By the time the project was axed, Rainbow had already produced the first two examples of the ‘Mk II Doretti’, which was dubbed the Sabre. Compared to the original, the second generation Swallow featured an even stronger chassis, a larger luggage compartment and a slight restyle. It could very well have taken the world by storm, considering that the Doretti, with its flaws, had already scared its rivals to take such drastic measures.

Despite the brief production period and limited numbers produced, the Swallow Doretti is far from forgotten. Due to the use of high-grade materials , the survival rate is relatively high but the car is still rare enough to be invited by all the great events like Villa d’Este and Pebble Beach. Frank Rainbow briefly worked for Triumph before returning to his family business. We can only imagine what great cars could have been produced, had he been allowed to continue his work in 1954.
Chassis: 1055
Like most Swallow Dorettis, this example was supplied to the American West Coast. In 1955 it was campaigned by Harvey M. Mayer in the Pebble Beach Road Race. The Triumph-powered machine was later acquired by Leo Welch, who parked the car for over three decades in a garage that was visible from the road. Here it was eventually discovered by the current owner some years ago and subsequently submitted to a full restoration. The work was completed in 2008 and since then the car has been regularly displayed, with a return to Pebble Beach in 2011 as the highlight. Several months later, the Swallow Doretti was offered by Fantasy Junction


I could publish all of the Doretti Newsletters, but I won’t unless asked! However I will publish number 1 and the final one available Number 255, Here!

NEWSLETTER No. 1 – February 2000
Early in November 1999, Alan Gibb and Richard Larter came down from Scotland to Cheshire to meet up with me, Ken Yankey, for the beginning of the annual Doretti pilgrimage to Oxfordshire. After a late night, we made an early start for a quick stop in Birmingham for Alan to drop off a fifth-wheel coupling at a haulage firm and then stopped by Moss Spares to buy some parts.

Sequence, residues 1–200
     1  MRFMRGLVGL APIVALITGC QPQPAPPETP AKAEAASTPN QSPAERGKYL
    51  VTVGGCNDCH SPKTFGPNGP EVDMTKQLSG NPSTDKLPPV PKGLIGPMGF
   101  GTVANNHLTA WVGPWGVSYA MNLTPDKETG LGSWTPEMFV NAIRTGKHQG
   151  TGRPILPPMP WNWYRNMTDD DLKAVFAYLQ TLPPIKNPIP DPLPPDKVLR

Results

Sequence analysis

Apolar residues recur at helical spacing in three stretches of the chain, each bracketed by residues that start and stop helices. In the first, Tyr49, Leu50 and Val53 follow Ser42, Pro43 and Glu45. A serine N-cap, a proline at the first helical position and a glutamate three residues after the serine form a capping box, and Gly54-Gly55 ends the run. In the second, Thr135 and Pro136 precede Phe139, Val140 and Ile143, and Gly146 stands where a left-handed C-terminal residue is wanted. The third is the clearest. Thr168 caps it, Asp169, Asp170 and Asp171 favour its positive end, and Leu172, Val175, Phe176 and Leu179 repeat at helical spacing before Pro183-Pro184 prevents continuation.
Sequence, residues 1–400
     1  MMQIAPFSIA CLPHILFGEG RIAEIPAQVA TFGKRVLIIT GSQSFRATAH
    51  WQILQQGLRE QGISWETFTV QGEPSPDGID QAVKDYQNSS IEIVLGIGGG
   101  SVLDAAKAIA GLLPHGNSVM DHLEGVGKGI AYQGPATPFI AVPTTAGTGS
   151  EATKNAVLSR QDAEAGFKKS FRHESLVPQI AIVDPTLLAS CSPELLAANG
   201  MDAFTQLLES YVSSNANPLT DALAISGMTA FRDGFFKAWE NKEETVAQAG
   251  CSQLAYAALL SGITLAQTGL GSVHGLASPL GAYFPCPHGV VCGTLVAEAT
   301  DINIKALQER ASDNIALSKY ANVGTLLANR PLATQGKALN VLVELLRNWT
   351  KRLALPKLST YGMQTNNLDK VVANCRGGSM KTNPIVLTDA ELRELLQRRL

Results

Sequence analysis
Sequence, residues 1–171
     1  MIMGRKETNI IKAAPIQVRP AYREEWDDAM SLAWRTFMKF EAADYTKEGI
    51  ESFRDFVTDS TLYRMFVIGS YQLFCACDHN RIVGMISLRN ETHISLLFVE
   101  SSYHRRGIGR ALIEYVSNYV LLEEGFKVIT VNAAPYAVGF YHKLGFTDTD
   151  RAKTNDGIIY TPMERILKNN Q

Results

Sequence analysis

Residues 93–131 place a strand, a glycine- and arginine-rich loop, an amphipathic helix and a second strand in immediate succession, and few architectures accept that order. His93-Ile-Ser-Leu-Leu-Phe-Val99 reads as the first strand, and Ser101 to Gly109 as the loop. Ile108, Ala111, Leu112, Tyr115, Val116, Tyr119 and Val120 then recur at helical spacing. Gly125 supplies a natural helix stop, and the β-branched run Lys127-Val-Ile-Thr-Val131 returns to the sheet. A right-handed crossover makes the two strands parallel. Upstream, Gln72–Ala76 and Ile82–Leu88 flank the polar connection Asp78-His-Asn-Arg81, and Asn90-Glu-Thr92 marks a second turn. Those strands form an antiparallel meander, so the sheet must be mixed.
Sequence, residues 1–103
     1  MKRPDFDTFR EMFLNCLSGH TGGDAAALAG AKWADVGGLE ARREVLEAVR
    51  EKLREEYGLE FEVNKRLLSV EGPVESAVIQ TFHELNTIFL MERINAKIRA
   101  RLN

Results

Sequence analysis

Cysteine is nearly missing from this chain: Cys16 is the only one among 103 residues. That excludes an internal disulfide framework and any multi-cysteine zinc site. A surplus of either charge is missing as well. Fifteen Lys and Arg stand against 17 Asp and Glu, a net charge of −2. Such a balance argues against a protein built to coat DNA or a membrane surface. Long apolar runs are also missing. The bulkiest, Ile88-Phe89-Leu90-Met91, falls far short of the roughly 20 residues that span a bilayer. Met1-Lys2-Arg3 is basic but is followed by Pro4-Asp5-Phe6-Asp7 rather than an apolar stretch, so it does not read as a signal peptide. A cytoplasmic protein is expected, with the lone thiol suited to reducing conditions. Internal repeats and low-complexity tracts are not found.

We then met up with Maurice Ford at his workshop in Leamington Spa. Maurice is rebuilding NBC 742 (chassis no.1160) for Peter Lockley and making an extremely good job of it. Eventually Peter showed up and we got down to a serious discussion about various aspects of the rebuild. Working on Peter’s car has inspired Maurice to persuade Cyril Harvey to sell him RRH 389 (chassis no.1098) a car which has been off the road for a number of years. The partially dismantled car is in need of a complete restoration, but it shouldn’t present any significant problems for Maurice.
After a fast run to Bristol the next pre-arranged stop was at Flax Bourton, to see Simon Brooks who bought LDP 107 (chassis no.1155) from Ted Bailey last September. Simon is enjoying having a Doretti again, having last owned one back in 1965. That car was MFH 924 (chassis no.1151), one of two Doretti sports cars now owned by Peter Billington. Simon wants a replacement front grille and four hub-caps and badges. If anybody else needs any of these items let me know and I’ll look into costing re-manufactured parts.
The final leg of the day was to Didcot for an overnight stop and a few well deserved beers.
Sunday morning saw us at the TR Register HQ. While Alan and Richard attended the Group Leaders meeting I used the day to browse through the archives looking for any Doretti related material. I was particularly impressed with the way that Bill Piggott had organised the whole of the resources, very much improved over what was in evidence the last time I visited a few years ago.
On the Sunday evening we called in to see the Doretti Registrar, Cyril Harvey, and compared notes.
With regard to the actual register of cars, I’m still trying to locate or confirm the final disposition of the following cars.
Chassis No.1031 engine no.TS954E, last reported to be in California.